We caught up with artist Shalev Moran and heard about life as a videogame expert, as well as the conceptual challenges and the potential collaborators he encountered while at Garrison. Watch here
“It’s funny, you sit around with people and talk about things that concern you as an artist, and you can talk for an hour without knowing in which medium the other person is working,” says Shalev Moran, curator, designer and artist from Israel about his experience in his first retreat in Garrison, NY.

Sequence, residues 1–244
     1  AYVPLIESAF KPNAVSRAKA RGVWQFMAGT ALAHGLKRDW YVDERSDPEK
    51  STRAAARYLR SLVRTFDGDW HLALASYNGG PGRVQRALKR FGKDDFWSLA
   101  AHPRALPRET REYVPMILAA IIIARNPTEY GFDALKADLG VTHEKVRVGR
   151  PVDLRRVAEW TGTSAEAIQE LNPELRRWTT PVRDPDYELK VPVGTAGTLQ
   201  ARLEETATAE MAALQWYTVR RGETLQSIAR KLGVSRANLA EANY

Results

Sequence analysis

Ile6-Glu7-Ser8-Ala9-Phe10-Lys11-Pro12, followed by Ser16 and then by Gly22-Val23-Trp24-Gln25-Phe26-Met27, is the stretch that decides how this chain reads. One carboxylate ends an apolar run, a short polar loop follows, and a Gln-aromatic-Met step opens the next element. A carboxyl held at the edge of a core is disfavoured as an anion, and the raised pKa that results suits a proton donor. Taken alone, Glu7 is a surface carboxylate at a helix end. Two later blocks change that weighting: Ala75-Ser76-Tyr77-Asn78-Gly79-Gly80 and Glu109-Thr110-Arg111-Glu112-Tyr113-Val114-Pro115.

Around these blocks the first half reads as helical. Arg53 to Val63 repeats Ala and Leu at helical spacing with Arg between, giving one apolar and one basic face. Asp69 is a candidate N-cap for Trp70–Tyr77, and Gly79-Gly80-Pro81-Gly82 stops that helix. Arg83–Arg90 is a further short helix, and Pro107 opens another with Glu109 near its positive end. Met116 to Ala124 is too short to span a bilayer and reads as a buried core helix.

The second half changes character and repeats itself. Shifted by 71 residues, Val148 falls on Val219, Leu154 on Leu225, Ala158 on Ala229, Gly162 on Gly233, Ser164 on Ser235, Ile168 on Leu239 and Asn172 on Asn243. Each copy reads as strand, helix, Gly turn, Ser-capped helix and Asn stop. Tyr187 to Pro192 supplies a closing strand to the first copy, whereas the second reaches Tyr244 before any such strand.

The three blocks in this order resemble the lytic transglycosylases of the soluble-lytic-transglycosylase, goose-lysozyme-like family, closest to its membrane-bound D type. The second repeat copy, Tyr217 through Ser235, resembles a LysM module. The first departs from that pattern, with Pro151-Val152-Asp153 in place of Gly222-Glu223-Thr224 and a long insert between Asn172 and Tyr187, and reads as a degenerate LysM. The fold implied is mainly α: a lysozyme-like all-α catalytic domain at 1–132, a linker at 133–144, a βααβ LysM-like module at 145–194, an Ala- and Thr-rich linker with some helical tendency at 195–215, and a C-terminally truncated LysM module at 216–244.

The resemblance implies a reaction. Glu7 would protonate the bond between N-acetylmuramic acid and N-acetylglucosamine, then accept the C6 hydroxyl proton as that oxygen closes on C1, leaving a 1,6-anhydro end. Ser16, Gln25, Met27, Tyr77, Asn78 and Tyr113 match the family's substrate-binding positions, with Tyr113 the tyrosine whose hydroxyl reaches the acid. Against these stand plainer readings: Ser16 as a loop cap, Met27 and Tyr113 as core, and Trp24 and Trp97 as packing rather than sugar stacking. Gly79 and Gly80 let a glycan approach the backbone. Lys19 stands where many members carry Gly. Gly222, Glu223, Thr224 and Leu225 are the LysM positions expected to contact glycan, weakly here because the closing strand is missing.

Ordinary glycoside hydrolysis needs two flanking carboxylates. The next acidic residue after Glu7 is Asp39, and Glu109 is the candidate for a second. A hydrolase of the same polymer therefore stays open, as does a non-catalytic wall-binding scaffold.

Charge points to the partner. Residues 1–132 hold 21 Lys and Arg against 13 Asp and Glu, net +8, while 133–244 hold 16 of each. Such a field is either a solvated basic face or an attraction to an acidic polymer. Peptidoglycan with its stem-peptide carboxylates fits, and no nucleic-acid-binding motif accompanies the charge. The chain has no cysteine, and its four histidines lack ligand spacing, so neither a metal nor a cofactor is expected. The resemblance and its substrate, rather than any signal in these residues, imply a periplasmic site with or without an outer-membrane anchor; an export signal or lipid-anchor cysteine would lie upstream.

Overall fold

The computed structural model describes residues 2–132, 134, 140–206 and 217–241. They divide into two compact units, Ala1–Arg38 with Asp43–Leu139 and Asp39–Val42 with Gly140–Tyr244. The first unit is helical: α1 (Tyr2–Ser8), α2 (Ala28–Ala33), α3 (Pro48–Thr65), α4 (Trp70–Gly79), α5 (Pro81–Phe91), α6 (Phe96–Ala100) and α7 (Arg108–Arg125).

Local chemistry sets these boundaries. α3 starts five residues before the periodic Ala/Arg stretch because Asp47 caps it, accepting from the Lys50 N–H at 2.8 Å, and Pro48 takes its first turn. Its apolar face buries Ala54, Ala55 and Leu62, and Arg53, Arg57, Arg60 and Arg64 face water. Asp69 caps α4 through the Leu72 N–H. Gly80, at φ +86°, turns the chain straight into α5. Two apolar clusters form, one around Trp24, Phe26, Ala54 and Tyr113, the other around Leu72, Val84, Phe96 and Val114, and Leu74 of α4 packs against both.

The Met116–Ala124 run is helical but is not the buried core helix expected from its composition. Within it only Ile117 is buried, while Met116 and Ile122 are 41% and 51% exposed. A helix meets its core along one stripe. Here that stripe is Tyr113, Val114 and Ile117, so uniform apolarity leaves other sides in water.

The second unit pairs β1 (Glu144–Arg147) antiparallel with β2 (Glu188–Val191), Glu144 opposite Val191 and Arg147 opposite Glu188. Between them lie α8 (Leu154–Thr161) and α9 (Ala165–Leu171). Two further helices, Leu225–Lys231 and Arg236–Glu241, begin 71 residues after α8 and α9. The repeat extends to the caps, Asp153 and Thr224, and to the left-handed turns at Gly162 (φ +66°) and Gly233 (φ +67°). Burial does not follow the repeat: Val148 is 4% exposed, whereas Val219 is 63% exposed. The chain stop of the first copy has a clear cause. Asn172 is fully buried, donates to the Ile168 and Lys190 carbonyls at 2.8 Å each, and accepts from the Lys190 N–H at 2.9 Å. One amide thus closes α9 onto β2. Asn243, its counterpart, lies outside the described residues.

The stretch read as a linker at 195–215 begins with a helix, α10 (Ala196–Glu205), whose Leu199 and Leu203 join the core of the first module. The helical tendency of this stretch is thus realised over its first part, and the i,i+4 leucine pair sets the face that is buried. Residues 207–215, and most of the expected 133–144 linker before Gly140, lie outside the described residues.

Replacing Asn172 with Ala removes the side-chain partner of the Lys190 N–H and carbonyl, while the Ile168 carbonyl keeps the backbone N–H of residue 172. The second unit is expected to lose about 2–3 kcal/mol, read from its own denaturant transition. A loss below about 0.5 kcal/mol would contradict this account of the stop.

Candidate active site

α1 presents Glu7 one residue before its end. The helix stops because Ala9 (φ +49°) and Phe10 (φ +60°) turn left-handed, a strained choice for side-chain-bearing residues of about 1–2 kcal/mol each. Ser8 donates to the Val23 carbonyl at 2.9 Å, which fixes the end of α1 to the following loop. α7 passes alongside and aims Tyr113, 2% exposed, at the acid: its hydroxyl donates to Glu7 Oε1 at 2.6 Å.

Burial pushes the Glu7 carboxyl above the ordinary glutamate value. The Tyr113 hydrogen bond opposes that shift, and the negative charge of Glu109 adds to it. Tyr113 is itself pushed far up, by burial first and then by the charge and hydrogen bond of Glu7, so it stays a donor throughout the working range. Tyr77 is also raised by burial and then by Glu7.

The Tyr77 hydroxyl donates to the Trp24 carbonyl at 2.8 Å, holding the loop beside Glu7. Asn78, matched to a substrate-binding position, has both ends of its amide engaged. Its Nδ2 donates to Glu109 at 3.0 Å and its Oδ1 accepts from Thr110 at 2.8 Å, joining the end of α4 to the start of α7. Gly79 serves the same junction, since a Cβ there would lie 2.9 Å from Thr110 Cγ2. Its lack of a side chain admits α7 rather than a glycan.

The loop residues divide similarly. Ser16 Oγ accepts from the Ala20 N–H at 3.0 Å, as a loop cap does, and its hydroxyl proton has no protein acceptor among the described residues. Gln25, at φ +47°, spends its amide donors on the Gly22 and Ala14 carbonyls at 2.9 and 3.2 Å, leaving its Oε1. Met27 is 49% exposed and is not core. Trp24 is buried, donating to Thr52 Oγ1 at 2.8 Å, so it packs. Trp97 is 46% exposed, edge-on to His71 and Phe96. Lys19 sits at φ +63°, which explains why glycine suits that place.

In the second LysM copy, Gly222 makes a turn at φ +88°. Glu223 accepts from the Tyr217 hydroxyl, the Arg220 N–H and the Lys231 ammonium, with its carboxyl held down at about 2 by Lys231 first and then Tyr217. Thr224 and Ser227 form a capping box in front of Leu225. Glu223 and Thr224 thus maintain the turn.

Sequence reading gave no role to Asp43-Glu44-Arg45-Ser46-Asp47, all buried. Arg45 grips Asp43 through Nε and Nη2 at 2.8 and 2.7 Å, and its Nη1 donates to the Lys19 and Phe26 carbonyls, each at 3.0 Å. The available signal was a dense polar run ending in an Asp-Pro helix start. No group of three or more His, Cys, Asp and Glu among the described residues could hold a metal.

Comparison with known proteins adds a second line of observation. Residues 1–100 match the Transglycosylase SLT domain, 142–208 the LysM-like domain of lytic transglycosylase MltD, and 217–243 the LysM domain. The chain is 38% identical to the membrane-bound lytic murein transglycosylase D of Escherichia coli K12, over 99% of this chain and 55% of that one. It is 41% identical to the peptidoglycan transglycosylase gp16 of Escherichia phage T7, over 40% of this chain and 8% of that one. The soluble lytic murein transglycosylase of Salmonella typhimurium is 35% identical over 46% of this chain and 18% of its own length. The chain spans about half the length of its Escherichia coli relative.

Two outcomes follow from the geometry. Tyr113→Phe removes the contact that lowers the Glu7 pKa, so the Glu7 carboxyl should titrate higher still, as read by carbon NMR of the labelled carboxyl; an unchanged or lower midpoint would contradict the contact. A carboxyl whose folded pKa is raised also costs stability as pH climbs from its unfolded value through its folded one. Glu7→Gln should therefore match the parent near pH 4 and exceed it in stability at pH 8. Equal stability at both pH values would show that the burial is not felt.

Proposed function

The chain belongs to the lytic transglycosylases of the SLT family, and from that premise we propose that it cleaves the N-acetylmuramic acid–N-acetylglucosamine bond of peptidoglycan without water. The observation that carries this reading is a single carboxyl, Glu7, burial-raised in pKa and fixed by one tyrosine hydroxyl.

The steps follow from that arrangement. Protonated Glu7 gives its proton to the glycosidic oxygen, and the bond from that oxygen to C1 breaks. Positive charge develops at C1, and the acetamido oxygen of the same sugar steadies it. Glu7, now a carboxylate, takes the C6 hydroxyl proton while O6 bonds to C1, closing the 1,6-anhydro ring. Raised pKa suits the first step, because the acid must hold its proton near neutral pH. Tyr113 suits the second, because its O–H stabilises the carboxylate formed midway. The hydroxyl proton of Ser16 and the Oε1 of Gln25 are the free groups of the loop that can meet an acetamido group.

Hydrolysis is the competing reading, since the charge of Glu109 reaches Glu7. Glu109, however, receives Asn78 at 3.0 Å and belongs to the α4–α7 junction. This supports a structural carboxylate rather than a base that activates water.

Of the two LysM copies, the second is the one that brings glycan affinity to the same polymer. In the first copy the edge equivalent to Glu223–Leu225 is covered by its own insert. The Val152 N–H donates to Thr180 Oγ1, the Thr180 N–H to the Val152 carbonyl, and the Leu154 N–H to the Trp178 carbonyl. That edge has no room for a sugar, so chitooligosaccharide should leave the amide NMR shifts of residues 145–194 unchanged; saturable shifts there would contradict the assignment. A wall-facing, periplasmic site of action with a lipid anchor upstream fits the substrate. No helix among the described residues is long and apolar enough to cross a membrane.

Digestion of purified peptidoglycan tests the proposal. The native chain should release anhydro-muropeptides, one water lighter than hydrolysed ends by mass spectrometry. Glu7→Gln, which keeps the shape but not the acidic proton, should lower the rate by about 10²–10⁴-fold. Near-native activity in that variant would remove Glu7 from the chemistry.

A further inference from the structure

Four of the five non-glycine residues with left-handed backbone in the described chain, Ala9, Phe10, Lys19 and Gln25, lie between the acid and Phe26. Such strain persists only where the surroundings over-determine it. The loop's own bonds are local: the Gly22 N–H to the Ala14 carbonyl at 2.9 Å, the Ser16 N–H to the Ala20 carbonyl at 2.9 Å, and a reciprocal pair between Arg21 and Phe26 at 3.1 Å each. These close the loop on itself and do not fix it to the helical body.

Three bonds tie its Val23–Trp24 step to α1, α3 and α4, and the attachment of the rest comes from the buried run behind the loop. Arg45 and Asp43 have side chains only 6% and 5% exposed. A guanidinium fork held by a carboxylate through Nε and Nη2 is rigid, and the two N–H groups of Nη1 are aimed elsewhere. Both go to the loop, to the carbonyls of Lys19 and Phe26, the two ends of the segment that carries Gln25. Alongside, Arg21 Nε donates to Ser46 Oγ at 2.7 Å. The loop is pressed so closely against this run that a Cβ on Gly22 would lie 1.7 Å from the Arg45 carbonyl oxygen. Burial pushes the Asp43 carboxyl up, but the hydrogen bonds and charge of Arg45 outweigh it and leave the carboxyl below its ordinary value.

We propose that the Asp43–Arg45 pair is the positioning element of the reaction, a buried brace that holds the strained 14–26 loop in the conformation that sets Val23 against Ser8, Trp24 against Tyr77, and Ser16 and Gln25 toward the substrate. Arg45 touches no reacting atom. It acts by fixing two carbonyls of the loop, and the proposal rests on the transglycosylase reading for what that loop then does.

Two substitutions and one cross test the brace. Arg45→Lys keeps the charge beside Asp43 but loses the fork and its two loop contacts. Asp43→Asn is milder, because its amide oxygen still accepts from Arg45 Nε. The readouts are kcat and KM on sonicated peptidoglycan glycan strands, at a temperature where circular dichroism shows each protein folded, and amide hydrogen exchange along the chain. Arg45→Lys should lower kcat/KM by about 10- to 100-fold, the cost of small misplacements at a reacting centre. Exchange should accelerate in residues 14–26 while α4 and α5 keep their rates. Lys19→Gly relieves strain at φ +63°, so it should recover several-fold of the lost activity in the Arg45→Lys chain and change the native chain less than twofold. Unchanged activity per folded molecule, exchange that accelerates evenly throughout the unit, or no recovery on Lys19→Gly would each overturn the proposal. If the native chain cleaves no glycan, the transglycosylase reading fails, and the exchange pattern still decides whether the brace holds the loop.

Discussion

Focusing for the past five years on digital games, Moran began his artistic path by venturing into street and performance art. Currently, he is the Games Program Director for Print Screen and Steamer Salon Festivals, while also teaching the history of video games in Shenkar College (Ramat-Gan, Israel). Moran is interested in the appearance of politics in art and its role in public life, as well as the relationships art builds with its audience.
“I was hoping to meet artists from different media and create a dialogue with them,” he says about the motivation to join Asylum Arts, “to find connection points and create something together, an interdisciplinary project. For me, this is also an opportunity to connect or reconnect with Jewish themes, and challenge my perception in different ways.”
Watch the full interview here: